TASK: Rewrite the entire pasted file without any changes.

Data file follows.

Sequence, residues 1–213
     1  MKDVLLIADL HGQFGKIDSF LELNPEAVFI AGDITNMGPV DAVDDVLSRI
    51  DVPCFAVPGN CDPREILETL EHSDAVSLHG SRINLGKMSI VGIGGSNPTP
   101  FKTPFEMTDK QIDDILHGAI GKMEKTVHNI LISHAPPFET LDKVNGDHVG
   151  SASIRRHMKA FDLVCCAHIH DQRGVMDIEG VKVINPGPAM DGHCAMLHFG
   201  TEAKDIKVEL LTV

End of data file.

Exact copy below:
Sequence, residues 1–213
     1  MKDVLLIADL HGQFGKIDSF LELNPEAVFI AGDITNMGPV DAVDDVLSRI
    51  DVPCFAVPGN CDPREILETL EHSDAVSLHG SRINLGKMSI VGIGGSNPTP
   101  FKTPFEMTDK QIDDILHGAI GKMEKTVHNI LISHAPPFET LDKVNGDHVG
   151  SASIRRHMKA FDLVCCAHIH DQRGVMDIEG VKVINPGPAM DGHCAMLHFG
   201  TEAKDIKVEL LTV